Wow, that's a lotta juice. Is the power supply itself 3-phase, or are the phases split up for fan, bulb, whatever?

Greg Cameron

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Re: Power problem?
« Reply #15 on: May 13, 2014, 01:32:51 am »

Wow, that's a lotta juice. Is the power supply itself 3-phase, or are the phases split up for fan, bulb, whatever?

I haven't torn one down to see. We've got one parked in the hallway near my cubicle. I'll take a look tomorrow to see If I can figure it out.
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Thomas Lamb

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Re: Power problem?
« Reply #16 on: May 15, 2014, 08:00:11 am »

Well I went through all of my PDs last night and everything is fine. Tested it with the shop power source no deviation in voltage. Pulled all the PDs and cables apart and everything was good. So I'm getting into the theatre today hoping for a resolution.
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bigTlamb

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Thomas Lamb

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Re: Power problem?
« Reply #17 on: May 18, 2014, 10:32:16 am »

Well I went through all of my PDs last night and everything is fine. Tested it with the shop power source no deviation in voltage. Pulled all the PDs and cables apart and everything was good. So I'm getting into the theatre today hoping for a resolution.

Ok so when we tested it back at the office when I would flip on the breakers that had the pars hooked up the voltage would jump 2 10ths at the most. I was at the theatre this morning and when untested it there it jumped 3 maybe 4 10ths. So what do I do know? I'm kinda at a loss. I'm thinking ok maybe I did have a bad amp out of the box for the second one but.... It just seems weird. If it was a craptastic amp vs a voltage problem can the repair shop tell that? What do I do know? We are running off a generator this week. Don't really want to do that forever.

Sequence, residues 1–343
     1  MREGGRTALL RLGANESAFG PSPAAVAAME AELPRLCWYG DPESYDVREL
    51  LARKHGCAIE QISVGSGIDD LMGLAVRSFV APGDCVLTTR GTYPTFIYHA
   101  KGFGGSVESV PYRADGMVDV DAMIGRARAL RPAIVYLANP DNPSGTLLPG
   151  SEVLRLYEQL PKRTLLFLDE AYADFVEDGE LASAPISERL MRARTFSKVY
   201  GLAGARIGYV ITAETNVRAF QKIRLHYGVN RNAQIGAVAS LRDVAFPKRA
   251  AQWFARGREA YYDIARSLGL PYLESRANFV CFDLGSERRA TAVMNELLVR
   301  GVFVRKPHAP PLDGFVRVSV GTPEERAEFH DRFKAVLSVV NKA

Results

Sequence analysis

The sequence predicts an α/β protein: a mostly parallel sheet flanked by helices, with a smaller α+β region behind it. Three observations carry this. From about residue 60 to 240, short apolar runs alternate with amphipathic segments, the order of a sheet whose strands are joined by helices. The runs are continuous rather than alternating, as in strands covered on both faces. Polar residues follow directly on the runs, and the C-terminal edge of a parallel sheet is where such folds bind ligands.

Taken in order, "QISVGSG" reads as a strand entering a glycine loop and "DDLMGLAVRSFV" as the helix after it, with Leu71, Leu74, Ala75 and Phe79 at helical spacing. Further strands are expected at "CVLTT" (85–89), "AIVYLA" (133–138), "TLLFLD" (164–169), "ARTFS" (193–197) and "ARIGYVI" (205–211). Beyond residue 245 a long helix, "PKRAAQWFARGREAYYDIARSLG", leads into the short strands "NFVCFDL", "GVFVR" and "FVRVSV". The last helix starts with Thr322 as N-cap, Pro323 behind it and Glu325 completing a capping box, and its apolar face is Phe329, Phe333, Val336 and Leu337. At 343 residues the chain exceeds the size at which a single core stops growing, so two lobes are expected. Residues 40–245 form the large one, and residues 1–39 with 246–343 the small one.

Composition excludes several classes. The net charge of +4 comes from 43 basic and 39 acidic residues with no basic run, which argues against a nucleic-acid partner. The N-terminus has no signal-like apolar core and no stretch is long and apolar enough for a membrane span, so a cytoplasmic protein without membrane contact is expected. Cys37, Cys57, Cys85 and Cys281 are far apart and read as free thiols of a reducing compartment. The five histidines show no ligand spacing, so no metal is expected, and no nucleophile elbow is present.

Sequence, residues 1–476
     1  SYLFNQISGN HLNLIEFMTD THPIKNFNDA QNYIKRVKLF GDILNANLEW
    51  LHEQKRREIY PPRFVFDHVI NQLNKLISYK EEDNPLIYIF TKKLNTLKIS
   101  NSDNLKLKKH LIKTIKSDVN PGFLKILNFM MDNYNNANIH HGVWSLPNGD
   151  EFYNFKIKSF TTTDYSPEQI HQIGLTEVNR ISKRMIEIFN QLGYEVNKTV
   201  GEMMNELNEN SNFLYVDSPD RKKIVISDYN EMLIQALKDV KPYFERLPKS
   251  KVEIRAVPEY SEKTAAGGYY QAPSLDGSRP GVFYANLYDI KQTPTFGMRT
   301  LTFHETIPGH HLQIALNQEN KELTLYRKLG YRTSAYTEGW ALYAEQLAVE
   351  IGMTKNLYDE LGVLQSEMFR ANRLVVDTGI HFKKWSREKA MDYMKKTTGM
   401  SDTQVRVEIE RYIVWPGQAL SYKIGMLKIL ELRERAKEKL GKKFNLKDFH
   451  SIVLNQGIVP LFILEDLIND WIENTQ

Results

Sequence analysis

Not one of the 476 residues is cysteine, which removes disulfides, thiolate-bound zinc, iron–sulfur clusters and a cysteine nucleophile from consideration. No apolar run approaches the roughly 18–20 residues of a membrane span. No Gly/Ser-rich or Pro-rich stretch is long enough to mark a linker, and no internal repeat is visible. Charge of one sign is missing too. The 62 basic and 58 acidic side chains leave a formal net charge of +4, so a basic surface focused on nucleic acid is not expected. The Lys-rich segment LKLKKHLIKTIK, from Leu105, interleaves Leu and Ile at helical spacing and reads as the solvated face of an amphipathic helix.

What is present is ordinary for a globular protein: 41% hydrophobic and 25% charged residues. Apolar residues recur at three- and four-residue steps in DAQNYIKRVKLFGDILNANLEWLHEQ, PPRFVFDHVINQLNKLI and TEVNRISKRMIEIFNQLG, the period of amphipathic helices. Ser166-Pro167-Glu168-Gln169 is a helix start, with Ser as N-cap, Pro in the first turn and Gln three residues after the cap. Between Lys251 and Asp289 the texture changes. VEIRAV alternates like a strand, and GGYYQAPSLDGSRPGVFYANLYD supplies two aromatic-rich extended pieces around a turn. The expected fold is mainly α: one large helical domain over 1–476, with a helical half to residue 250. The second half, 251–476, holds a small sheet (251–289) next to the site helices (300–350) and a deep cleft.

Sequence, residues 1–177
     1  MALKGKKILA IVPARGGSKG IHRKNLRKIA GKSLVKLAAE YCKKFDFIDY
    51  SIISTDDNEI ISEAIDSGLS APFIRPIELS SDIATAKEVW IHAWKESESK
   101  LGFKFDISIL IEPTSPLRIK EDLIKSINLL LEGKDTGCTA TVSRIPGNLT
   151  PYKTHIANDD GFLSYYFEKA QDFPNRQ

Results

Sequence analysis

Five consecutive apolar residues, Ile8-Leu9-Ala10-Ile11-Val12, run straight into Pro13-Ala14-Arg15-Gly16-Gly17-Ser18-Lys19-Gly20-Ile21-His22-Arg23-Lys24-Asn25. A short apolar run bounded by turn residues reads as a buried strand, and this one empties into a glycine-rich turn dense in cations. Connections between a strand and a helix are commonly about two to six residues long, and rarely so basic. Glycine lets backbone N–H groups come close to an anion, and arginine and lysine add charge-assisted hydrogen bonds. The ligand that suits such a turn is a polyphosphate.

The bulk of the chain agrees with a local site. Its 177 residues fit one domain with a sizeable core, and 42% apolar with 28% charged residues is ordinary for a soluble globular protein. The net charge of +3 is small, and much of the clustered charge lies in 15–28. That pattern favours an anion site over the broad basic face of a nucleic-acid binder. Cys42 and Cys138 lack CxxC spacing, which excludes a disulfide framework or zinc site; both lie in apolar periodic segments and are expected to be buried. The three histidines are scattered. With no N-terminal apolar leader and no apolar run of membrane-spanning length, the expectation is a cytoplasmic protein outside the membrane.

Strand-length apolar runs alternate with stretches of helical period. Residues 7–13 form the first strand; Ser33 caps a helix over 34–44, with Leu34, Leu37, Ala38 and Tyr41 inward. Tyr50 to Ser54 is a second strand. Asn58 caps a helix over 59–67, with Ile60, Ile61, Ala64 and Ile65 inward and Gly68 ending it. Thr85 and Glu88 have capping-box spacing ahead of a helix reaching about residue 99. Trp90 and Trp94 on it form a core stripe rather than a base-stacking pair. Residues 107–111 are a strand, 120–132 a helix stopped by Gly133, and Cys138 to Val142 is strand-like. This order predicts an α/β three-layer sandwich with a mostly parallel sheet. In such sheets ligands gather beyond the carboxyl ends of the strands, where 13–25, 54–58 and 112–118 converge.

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bigTlamb

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Mike Sokol

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Re: Power problem?
« Reply #18 on: May 18, 2014, 11:27:34 am »

Ok so when we tested it back at the office when I would flip on the breakers that had the pars hooked up the voltage would jump 2 10ths at the most. I was at the theatre this morning and when untested it there it jumped 3 maybe 4 10ths. So what do I do know? I'm kinda at a loss. I'm thinking ok maybe I did have a bad amp out of the box for the second one but.... It just seems weird. If it was a craptastic amp vs a voltage problem can the repair shop tell that? What do I do know? We are running off a generator this week. Don't really want to do that forever.

So it sounds like your neutrals are stable, which is to be expected with a modern installation. I don't think that any repair shop is going to be able to determine the cause of the amp failure beyond a WAG, so there's more to think about. Let's boil this down to the basics.

There's really three principal failure mechanisms as I see it.

#1) There's some voltage spike incident that's trashing the power amps.
#2) The amplifiers have a design or build flaw.